At the start of free agency, the Minnesota Timberwolves signed eight-year veteran Kyle Anderson. The accomplished winger has played in the NBA for eight years, the first four with the San Antonio Spurs and then four with the Memphis Grizzlies. His teams have made the playoffs in six of those eight years. Anderson is a tough competitor who can play almost any role on the pitch. He can be a two-way wing, a defensive stopper you can use against the opponent’s best player, and a secondary distributor. Anderson can even act as a backup point guard. While Anderson’s role has varied greatly throughout his career, one thing has remained constant: he has one of the best nicknames in the league. Slow Mo is one of the most entertaining and unique players to watch.
In an interview with ESPN before San Antonio called him up, Anderson opened up about the origin of his nickname. When he played at an AAU tournament, Anderson said his team “had played this Houston team, and all these Texas people said I had such a great game, but they didn’t really know my name, so they called me.” just ‘Slow’ Mo’ because they said it looked like I was playing in slow motion. I like the nickname and it stuck with me.”
When you watch Anderson play, you’ll immediately notice this slow-motion phenomenon. While most NBA players zoom up and down at speeds approaching that of an Olympic sprinter, Kyle moves very methodically and patiently. We’ve grown accustomed to watching players use their athleticism to dominate in the modern NBA. As such, watching Slow Mo steal a simple transition bucket for the first time is almost confusing, despite all defenders quickly catching up to him.
However, when you watch Anderson make the same move a few times, you begin to realize that it’s all part of the brilliance of his game. Slow Mo is great at confusing defenders with his moves and often seems to get them to guard him the way he wants. On his signature “slow breaks,” Anderson often adjusts the angle of his drive onto the court to keep defenders right behind him, so they don’t have a clear angle to block or challenge his shot without fouling. By the time the defender figures out how to reset and get around him, Anderson is already on the edge of his shot motion or ball dipping.
Although he was never the fastest at the gym, he has been a great basketball player since childhood. Kyle’s father said in the ESPN article referenced above that “Kyle has been involved with basketball since birth and started playing the day he started running, which was three days before his first birthday, and since his first basketball camp at the age of 3 years. he played for three or four years. People think it’s crazy, but it’s reality.”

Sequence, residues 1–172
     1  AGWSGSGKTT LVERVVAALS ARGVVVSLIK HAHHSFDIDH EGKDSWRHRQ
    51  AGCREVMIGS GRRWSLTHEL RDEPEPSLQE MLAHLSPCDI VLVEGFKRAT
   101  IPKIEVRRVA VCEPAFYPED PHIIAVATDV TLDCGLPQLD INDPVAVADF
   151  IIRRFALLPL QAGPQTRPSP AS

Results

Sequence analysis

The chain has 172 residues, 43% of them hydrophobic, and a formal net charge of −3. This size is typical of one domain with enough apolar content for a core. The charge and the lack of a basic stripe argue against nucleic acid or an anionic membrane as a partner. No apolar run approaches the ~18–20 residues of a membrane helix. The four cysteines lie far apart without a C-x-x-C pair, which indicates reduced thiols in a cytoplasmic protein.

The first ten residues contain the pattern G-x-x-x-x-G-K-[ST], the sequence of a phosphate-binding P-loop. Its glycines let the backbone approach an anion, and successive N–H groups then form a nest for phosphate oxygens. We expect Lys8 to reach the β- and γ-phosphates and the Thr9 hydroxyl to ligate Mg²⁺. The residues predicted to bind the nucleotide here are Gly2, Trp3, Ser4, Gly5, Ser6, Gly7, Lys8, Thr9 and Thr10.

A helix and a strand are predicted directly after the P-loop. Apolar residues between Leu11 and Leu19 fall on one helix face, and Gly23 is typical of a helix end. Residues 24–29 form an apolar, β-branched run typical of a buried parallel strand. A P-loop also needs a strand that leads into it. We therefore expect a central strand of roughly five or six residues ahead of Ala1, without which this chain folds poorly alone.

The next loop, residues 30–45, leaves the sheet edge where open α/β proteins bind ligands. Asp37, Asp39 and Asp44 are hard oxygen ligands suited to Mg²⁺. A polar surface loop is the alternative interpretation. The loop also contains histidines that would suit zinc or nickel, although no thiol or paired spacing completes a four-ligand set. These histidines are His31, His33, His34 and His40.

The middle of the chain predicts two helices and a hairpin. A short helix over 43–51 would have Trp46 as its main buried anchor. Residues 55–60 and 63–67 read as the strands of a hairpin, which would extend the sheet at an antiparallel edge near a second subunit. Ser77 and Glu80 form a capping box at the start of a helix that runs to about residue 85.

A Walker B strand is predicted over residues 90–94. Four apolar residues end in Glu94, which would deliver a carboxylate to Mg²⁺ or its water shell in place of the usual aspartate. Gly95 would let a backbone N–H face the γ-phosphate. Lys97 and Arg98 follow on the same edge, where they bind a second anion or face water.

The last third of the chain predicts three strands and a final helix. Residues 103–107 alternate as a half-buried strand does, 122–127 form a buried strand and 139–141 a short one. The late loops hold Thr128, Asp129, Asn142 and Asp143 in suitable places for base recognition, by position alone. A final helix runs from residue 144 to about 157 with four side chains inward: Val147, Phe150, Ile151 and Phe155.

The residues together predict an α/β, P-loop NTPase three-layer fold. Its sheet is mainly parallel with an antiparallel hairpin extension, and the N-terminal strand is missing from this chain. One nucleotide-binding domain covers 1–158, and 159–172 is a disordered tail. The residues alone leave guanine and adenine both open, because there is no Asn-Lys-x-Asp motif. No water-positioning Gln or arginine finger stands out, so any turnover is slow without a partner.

Along with Anderson’s natural gifts, his vast experience in the game explains part of why he is such a smart and intelligent player. The more experience you have in an area, the more you understand how best to excel given your strengths, and that seems to be part of the reason his unorthodox playstyle works so well in the NBA. Slow Mo learned from an early age to use finesse and skill to stand out from the crowd, which often shows when he scores in paint.
Anderson is a master of the pump fake, and he can often trick players into jumping in the post so he can make contact and create and-1 chances. He’s also able to use his mid-pump fake to trick players into jumping past him, sometimes multiple times, and then use the extra space he’s created to jump empty or get closer to the edge for a floater. Anderson also has excellent touch near the edge. It imparts some extremely funky spins to its swimmers, bouncing them off the glass and slamming into the hoop at the perfect angle.
Anderson is also a very skilled ball handler for his 6ft 9in height. While he’s not often given the ball to set up plays, he’s a very capable pick-and-role player with great view of the court in drive-and-kick situations. Anderson is also adept at finding his tall peers in the paint, which should benefit Karl-Anthony Towns and Rudy Gobert by helping them get easy buckets.
Wolves needed complementary playmaking and ball handling skills last season. The starters occasionally got stuck in the mud of the “My turn, your turn” attack, and Jordan McLaughlin was the only real distributor they had off the bench to shake things up. Now they have a 3/4 in slow mo that can add playmakers to any rotation. Slow Mo played most of his basketball career as a point guard before joining the NBA.
Anderson is also an incredibly accomplished defender. He knows how to use his long 7ft 2.5in wingspan to pull off miraculous poke-away steals from unsuspecting guards and wings. Anderson is often able to start his quick break by knocking the ball out of the dribbler’s hand and then going around the opposite side to snag the ball from behind his back. Not only does it look super cool, as you’ll see in the following set of highlights, but it seems to maximize the chance that he’ll be able to get the poke off by dropping it in a location where only he can get it .
Anderson’s intelligent playstyle allows his slow-motion stop-and-start game to thrive in the NBA. It’s always fun to watch people with unique skills play in the NBA, and Slow Mo is perhaps one of the most unique players in the league. Not only will he significantly improve the Timberwolves roster, but he will delight fans throughout the season.